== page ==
The Bottom Line
The problem with reviewing music is that what one person likes, another dislikes. Unfortunately, that is the case with this album. Honestly, I have no desire to listen to contemporary classical music or 20th Century music, and this album, American Orchestral Works, is nothing but that. I give the album 2.5 Stars, because I have no strong recommendation. If you like more modern classical music, you will in most cases enjoy this album. If you like only Mozart and his counterparts, don't bother.
- Fantastic orchestra
- Flawless recording
- World premier recordings
- Album is less than satisfying
- Released: June 2006
- 1 Disk, 9 Tracks
- Total Play Time: 76:00
Guide Review - American Orchestral Works
Although, I get no pleasure listening to the music on this album, I find solace in the fact that the Grant Park Orchestra's performance, lead by Carlos Kalmar, was vibrant, precise, and full of passion. The Grant Park Orchestra is the resident orchestra of Chicago's ten week long, Grant Park Music Festival. Created in 1943, the Grant Park Orchestra has been playing classical music to the public for free for the last sixty-three years, and shows no signs of stopping. In 2004, the Grant Park Orchestra moved to its new home in the state-of-the-art Jay Pritzker Pavilion in Millennium Park.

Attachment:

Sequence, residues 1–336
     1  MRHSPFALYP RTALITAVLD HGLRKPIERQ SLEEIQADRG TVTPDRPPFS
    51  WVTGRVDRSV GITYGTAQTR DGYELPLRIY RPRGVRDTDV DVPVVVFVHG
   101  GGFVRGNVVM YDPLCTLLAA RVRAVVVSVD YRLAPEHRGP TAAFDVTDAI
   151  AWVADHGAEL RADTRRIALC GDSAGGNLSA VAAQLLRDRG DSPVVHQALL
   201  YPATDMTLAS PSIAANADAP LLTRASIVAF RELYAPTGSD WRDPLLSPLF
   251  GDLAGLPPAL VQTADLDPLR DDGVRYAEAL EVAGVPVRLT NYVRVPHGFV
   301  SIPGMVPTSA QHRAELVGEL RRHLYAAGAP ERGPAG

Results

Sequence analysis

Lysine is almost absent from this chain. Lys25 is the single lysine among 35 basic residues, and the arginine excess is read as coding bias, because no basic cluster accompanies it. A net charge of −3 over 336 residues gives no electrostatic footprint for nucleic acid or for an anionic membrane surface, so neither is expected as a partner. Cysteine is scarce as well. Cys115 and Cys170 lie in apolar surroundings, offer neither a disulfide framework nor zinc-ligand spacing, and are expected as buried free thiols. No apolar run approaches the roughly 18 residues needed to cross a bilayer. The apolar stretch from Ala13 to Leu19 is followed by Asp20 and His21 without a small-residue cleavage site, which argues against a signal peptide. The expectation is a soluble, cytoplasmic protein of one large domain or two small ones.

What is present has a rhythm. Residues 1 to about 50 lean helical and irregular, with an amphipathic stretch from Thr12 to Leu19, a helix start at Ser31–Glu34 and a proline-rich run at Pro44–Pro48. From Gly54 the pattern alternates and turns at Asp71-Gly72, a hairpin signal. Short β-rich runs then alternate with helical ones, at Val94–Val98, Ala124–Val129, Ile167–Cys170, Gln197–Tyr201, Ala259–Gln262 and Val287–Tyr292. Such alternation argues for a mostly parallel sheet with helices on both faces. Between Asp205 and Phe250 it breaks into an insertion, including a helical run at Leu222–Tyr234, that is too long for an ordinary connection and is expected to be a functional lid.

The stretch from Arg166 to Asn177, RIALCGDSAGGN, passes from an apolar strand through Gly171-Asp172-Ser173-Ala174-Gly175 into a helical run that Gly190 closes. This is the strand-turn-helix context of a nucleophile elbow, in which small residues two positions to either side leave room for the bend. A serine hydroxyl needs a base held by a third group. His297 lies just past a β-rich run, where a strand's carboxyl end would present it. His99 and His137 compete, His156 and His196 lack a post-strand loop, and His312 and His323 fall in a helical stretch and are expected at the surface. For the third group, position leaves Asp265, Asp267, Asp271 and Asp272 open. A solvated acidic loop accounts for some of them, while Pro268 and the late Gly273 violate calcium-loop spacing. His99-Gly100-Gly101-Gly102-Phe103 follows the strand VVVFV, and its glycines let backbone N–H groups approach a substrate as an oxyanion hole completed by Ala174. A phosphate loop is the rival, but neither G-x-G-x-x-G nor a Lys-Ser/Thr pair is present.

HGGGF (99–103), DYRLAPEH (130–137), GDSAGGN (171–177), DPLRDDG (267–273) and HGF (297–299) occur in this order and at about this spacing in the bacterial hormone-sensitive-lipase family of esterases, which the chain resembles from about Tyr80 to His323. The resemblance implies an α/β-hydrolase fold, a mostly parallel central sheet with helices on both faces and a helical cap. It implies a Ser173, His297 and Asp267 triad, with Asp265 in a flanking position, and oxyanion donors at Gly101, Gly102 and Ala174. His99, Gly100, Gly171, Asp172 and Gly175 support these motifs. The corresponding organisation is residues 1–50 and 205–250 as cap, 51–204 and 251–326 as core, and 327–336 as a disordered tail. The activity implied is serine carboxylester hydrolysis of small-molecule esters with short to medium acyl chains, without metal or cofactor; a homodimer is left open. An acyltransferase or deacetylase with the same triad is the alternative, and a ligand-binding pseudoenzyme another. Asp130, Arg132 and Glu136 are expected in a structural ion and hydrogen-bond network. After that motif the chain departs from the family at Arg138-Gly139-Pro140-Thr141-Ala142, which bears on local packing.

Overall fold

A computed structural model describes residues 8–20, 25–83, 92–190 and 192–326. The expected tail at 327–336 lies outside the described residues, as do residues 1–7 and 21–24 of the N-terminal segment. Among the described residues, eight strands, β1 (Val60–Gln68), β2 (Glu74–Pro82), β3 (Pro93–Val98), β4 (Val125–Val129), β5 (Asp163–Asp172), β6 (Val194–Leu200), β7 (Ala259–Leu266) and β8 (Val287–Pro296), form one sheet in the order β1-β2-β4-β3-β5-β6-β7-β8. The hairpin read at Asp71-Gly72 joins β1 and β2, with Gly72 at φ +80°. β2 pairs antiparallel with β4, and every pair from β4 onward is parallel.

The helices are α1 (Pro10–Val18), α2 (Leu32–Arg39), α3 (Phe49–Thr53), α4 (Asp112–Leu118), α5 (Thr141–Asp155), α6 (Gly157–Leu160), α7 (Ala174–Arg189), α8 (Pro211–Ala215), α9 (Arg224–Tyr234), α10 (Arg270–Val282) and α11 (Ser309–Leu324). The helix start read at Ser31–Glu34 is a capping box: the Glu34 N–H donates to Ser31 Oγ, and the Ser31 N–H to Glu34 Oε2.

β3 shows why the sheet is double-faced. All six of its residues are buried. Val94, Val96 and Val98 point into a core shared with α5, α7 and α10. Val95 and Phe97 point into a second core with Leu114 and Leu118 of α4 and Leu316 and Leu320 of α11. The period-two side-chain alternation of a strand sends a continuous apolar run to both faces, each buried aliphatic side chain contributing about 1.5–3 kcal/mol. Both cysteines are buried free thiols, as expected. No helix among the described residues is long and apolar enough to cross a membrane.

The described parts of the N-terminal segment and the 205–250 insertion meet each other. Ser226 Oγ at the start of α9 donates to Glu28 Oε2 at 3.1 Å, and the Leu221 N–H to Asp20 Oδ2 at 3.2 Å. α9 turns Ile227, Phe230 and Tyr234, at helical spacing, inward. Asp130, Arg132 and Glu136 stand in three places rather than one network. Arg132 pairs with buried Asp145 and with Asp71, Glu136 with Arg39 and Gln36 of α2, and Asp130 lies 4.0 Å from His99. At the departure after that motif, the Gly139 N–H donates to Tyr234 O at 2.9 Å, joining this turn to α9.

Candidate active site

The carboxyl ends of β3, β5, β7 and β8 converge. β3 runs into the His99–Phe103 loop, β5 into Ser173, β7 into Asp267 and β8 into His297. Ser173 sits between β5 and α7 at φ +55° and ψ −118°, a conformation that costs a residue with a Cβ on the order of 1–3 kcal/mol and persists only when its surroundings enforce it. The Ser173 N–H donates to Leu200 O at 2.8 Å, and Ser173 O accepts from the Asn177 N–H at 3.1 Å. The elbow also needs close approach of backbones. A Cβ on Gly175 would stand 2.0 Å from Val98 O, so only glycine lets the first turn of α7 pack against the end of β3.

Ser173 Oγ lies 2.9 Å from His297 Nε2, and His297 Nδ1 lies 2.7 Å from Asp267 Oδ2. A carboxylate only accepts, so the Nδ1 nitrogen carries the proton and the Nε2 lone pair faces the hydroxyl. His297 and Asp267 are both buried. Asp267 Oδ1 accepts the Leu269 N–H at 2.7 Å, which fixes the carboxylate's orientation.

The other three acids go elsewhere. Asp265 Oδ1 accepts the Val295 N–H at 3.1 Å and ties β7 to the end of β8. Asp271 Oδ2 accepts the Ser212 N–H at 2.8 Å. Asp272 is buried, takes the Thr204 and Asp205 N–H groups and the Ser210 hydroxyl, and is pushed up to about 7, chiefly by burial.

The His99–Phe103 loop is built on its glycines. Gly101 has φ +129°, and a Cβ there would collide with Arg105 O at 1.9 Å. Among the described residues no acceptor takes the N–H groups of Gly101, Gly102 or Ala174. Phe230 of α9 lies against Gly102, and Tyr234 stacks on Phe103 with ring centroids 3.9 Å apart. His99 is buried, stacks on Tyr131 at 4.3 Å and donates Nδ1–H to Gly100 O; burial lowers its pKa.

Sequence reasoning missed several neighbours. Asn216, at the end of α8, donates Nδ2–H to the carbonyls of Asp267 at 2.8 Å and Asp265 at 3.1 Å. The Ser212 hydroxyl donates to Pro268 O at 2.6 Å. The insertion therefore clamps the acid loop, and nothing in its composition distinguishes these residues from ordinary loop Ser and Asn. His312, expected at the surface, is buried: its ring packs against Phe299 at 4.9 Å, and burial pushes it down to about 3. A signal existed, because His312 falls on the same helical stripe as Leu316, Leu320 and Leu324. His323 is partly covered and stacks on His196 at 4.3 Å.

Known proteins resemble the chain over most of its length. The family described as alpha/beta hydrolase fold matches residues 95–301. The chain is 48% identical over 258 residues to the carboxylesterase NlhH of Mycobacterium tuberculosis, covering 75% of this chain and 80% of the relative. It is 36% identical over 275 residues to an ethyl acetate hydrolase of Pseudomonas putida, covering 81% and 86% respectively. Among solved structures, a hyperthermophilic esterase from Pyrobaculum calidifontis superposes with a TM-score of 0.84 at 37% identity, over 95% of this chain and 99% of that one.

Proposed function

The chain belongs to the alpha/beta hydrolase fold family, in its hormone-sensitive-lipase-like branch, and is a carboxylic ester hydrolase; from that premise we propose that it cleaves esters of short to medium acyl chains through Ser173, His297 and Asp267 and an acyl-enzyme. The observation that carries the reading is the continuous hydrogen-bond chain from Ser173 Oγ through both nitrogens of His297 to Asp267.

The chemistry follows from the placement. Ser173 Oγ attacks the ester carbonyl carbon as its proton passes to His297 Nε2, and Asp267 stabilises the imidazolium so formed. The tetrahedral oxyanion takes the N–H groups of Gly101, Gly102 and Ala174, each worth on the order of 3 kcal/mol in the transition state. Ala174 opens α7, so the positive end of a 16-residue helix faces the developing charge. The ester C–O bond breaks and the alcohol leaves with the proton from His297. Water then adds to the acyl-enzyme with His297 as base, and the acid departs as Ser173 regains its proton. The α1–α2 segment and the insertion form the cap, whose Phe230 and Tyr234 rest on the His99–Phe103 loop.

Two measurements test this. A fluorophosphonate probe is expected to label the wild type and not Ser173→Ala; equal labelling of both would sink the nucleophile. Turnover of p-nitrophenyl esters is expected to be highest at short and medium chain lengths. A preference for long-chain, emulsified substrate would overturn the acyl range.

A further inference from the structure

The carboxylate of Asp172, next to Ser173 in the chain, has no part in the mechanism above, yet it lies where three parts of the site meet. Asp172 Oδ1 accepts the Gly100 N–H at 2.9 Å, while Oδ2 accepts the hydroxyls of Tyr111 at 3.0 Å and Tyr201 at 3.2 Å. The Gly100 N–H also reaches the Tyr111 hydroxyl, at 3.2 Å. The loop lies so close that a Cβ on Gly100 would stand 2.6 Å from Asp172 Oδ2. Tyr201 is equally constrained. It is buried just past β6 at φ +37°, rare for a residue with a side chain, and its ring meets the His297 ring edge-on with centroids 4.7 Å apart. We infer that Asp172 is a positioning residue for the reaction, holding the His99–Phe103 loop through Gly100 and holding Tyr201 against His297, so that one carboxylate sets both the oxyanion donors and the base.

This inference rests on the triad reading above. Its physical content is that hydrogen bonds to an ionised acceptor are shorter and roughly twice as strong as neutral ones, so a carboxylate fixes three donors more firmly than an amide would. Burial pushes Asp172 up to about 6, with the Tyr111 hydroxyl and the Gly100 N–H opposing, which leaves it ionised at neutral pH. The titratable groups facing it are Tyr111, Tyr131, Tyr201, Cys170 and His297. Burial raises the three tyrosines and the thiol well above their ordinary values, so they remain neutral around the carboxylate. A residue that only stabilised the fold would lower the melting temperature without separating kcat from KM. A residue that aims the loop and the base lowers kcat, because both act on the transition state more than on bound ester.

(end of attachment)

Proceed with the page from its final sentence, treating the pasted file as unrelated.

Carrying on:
On this album, you'll find five works by various artists all composed within the last 12 years: Barbara Kolbs "All in Good Time" (1994), Aaron Jay Kerniss "Sarabanda in Memoriam" (2003), Michael Herschs "Ashes of Memory" (1999), John Coriglianos "Midsummer Fanfare" (2004), and John Harbisons "Partita for Orchestra" (2000). As I said before, I don't particularly like this style of music. Give me structure, balance, and predictability any day, and I'll be happy. Don't get me wrong, these works are a little easier to listen to, and are more enjoyable, than, say, Arnold Schoenberg's Phatasie, Op.47. If you like a modern flare to your music, than go ahead and buy this album.